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Why bankers are joining sovereign wealth funds in London

If senior investment bankers have taken a role in a sovereign wealth fund, it has typically involved a move to what would be considered a hardship destination, working for a stable yet bureaucratic institution where a public sector mentality prevails.

But what if you could have the job security and stay in a more established financial centre? This week it emerged that the Kuwait Investment Authority has been hiring senior bankers – in London. Hakim Drissi-Kaitouni and Marc Keller, former Bank of America Merrill Lynch investment bankers, joined the London division of the KIA, Wren House Infrastructure Investment Management, in August, according to Financial News.

Meanwhile, Heinz Pley, a former managing director in Morgan Stanley’s mining investment banking division, joined Abu Dhabi SWF Mubadala as associate director of mining and business development in August. His LinkedIn profile lists his location as being in London.

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SWFs have a desire to attract investment bankers with bulge bracket experience, but have struggled. Much of this has been down to pay – with bonuses and carried interest a rarity and base salaries lower than the private sector, both recruiting and retaining senior financial professionals is an ongoing challenge, according to a recent study by NMG Consulting.

While some SWFs are building their UK arms, there’s also an increased flexibility on the part of these institutions to allow their new recruits to remain in Western locations, according to one head of recruitment at Gulf SWF, who splits his time between the Middle East, London, New York and Paris in an attempt to find international talent.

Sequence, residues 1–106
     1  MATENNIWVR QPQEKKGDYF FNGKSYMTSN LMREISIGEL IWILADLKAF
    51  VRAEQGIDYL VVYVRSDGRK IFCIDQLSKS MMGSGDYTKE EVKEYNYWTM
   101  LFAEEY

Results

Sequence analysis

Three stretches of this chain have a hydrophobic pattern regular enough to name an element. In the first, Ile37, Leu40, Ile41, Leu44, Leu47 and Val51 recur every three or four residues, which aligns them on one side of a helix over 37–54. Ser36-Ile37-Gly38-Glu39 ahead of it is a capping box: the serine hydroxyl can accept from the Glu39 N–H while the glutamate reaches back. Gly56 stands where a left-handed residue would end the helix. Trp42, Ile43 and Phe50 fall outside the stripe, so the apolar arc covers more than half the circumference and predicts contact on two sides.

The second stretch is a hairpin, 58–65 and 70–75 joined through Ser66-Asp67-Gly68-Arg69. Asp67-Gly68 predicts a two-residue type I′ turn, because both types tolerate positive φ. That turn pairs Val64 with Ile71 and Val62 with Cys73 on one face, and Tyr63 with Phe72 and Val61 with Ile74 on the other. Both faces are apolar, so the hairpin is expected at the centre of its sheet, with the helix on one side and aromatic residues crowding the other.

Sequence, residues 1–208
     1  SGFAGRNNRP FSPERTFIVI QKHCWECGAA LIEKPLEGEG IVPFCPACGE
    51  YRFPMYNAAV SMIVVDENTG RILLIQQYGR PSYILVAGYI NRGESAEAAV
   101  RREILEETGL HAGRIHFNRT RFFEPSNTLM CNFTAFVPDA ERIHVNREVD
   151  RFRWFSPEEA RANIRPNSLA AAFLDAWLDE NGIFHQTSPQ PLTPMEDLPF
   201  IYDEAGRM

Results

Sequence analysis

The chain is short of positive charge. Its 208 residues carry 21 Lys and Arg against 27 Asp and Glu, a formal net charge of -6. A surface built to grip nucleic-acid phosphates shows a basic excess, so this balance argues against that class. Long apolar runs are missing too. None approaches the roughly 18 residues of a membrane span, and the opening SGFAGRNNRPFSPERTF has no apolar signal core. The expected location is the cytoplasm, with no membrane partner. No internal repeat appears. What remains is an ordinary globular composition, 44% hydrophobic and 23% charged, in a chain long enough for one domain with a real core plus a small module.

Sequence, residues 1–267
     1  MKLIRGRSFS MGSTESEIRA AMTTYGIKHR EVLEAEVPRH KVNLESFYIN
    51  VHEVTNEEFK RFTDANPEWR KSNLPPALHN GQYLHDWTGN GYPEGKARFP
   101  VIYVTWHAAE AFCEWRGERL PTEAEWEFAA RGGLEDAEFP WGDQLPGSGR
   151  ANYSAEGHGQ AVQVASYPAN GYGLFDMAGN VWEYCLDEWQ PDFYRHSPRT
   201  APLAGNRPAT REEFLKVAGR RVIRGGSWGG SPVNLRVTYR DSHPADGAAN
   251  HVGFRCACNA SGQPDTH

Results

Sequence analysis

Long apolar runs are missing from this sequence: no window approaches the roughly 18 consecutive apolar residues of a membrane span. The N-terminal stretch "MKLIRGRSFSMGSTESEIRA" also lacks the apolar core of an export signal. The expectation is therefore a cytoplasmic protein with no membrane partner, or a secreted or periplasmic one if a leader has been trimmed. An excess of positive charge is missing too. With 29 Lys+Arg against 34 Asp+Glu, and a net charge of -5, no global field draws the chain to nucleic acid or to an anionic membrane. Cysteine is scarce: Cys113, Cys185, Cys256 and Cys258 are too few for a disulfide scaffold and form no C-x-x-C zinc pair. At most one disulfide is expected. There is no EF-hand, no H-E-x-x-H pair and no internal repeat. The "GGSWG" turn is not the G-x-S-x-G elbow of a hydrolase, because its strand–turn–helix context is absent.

“The priority is to persuade them to come to the head office, which I believe we’ve been more successful at over the past year, but we’re also willing to allow people to either remain in London, or split their time between their home and the Gulf,” he said. “This is not something we’re making a habit of, but for the right people, we’re willing to be flexible.”

The number of opportunities at SWFs continues to increase. A new survey by data provider Preqin suggests that assets under management in SWFs grew by $750bn globally over the past year. Eight new sovereign wealth funds have been formed in the past two years alone, it says, and many of these firms will be use the next few years to “build their investment teams and accumulate assets”.

SWFs have also been adjusting their pay structures to become more competitive with the private sector. It’s still heavily weighted towards a high base salary – something the recruitment manager says is “reassurance you’re making the right move” – but bonuses now comprise at least 20% of total comp, and benefits add on an “extra 30-40%”, he suggests.

Nonetheless, some remain unconvinced by SWFs attractiveness. One private equity professional who recently returned to London after a spell working for a SWF in Abu Dhabi, said that it was an intensely political experience: “Every decision had to go through a committee. It’s very difficult to make your mark individually, but wealth continues to increase regardless of investment strategy.”

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